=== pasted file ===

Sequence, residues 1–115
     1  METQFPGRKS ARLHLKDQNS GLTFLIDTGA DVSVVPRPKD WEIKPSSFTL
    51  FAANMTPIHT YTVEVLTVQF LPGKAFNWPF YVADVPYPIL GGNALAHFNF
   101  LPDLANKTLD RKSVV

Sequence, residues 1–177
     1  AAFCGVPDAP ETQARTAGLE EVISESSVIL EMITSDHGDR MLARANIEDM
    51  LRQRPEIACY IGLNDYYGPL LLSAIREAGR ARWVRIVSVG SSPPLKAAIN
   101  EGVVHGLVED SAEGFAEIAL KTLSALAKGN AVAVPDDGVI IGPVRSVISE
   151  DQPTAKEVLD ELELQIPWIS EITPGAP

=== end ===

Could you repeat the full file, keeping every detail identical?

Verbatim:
Sequence, residues 1–115
     1  METQFPGRKS ARLHLKDQNS GLTFLIDTGA DVSVVPRPKD WEIKPSSFTL
    51  FAANMTPIHT YTVEVLTVQF LPGKAFNWPF YVADVPYPIL GGNALAHFNF
   101  LPDLANKTLD RKSVV

Sequence, residues 1–177
     1  AAFCGVPDAP ETQARTAGLE EVISESSVIL EMITSDHGDR MLARANIEDM
    51  LRQRPEIACY IGLNDYYGPL LLSAIREAGR ARWVRIVSVG SSPPLKAAIN
   101  EGVVHGLVED SAEGFAEIAL KTLSALAKGN AVAVPDDGVI IGPVRSVISE
   151  DQPTAKEVLD ELELQIPWIS EITPGAP